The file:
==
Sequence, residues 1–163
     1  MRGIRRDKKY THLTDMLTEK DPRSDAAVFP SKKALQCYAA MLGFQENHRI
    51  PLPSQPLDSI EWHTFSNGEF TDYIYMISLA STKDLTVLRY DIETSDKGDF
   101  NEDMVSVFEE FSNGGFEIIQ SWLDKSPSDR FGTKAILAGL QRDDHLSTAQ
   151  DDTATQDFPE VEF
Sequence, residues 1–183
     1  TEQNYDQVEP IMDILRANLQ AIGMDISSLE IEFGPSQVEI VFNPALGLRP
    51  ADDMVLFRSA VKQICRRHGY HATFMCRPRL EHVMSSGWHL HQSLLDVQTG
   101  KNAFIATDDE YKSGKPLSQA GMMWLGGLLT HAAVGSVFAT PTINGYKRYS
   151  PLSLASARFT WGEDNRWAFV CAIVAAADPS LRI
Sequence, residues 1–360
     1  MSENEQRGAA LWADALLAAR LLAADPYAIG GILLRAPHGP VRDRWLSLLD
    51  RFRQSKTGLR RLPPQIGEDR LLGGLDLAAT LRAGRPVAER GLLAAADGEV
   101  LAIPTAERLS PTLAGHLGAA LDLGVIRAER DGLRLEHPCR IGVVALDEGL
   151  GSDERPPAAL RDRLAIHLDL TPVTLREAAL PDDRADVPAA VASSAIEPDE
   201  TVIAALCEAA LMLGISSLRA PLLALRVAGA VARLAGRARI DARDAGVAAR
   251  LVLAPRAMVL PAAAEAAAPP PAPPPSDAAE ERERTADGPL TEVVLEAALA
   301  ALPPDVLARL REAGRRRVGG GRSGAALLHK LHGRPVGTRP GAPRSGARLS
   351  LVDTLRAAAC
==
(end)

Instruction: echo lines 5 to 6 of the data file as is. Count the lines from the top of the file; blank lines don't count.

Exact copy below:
   151  DDTATQDFPE VEF
Sequence, residues 1–183